New governor reverses old governor on coal

TOPEKA, KANSAS - In a stunning reversal from his predecessor, Gov. Mark Parkinson signed an agreement ending a two-year fight over plans to build coal-fired power plants in western Kansas.

The compromise allows Sunflower Electric Power Corp. to build one 895-megawatt coal-fired power plant near Holcomb, instead of two 700-megawatt plants that were repeatedly blocked by Kathleen Sebelius when she was governor.

In exchange for the go-ahead, Sunflower will build more wind turbines and agree to more pollution controls and a greater investment in energy efficiency.

“We have been at an energy impasse for the past couple of years,” said Parkinson, a Democrat. “I thought it was time to bring an end to that impasse.


The game-changing deal came on Parkinson’s sixth day in office and as lawmakers were preparing yet another attempt to overrule Sebelius’ veto of legislation to authorize the plants.

Parkinson’s compromise elated Sunflower executives and plant supporters, surprised most lawmakers and disappointed environmental groups.

“Today, Kansas took a big step backwards,” said Sierra Club spokeswoman Stephanie Cole in a statement. “We cannot build new coal plants and claim to want to slow global warming at the same time.”

Parkinson said he reached out to Sunflower soon after he was sworn in to replace Sebelius. He explained that he was frustrated by the political stalemate that saw the coal issue derailing efforts to encourage renewable energy. He said a little coal and a lot of environmental legislation was better than nothing.

However, the agreement doesn’t ensure the plant will be built. Sunflower must lock in the financing. Its largest partner — Tri-State Generation and Transmission of Denver — said last month that it would be reconsidering its participation, in part because of the political stalemate in Kansas.

Also, new carbon regulations from Congress could steeply increase the cost of coal plants.

Sunflower CEO Earl Watkins said that the compromise would allow his company to build a plant it could finance. He said the new plant would meet any new environmental regulations.

“He’s the one who reached out to us,” Watkins said of Parkinson. “We have a hands-on governor, one that I’m proud of.”

The smaller plant will produce carbon emissions of 6.67 million tons a year, compared with the 10.7 million tons projected to be emitted by the original two-plant project.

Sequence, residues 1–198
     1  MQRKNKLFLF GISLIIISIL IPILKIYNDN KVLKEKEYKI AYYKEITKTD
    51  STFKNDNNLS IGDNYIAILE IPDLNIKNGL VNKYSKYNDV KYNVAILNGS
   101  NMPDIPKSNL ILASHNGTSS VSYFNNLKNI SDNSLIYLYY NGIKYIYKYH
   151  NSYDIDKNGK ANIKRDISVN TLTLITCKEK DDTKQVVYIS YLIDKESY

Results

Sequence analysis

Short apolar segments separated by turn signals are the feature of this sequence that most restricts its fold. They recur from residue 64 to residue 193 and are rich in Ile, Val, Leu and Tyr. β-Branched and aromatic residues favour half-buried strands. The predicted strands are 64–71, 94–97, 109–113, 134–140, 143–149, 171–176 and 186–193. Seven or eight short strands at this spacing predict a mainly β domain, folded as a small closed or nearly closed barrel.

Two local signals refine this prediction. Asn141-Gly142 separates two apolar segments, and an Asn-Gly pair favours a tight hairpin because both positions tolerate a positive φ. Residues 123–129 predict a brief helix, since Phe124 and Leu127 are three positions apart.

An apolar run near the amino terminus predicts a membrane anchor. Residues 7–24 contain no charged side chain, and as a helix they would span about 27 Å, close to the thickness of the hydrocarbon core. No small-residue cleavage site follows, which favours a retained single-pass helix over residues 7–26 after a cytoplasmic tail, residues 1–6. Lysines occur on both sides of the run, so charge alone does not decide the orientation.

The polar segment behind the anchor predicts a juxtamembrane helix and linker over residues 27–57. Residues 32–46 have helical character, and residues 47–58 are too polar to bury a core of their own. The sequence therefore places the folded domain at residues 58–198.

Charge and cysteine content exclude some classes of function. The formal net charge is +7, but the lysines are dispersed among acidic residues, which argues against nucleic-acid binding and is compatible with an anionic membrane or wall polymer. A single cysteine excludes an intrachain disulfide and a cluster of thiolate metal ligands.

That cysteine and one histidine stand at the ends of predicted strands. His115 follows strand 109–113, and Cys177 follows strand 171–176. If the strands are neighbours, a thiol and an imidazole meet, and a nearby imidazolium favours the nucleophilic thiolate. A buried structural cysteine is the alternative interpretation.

Of the 895 megawatts, 200 will serve customers in western Kansas.

As part of the agreement, Sunflower will significantly bolster its investment in wind energy, close two old oil-fired plants in Garden City, increase its use of biofuels, build two transmission lines to carry power west, and dedicate 1 percent of gross sales to energy efficiency programs.

The compromise is contingent on lawmakers passing legislation requiring utilities to use more renewable energy, giving incentives to property owners with wind turbines or solar panels, and mandating new energy efficiency standards for state buildings and vehicles.

Legislative leaders said they expected lawmakers to approve such legislation quickly.

“There’s not much not to like,” said House Speaker Mike O’Neal.

O’Neal said Parkinson may have realized that lawmakers were close to overriding Sebelius’ veto of legislation to resurrect the plants.

“We felt like the momentum was finally moving in our direction,” he said.

Sebelius’ top regulator, Rod Bremby, rejected the plants in 2007, citing the plants’ estimated carbon emissions and the effect on climate change.

The decision put Kansas on the front lines of the fight against climate change. For two years, lawmakers and Sebelius, a Democrat, battled over whether the plants represented a practical energy source and good jobs or an environmentally outdated and dangerous energy supply.

Four times, lawmakers passed legislation to strip Bremby’s power and effectively authorize the plants. Supporters linked the legislation to efforts to encourage more renewable energy. Sebelius vetoed each measure.

Early on in the coal dispute, Sebelius offered her own compromise to Sunflower: Build one plant. But Sunflower and Sebelius could not agree on the size of a single plant that made financial sense.

Watkins said an 895-megawatt plant was big enough to satisfy Sunflower and its investors.

Parkinson hinted that he may have more surprises in store. At the end of the news conference where he revealed the compromise, he said: “This is just the first announcement of what will be a very good week for Kansas.”


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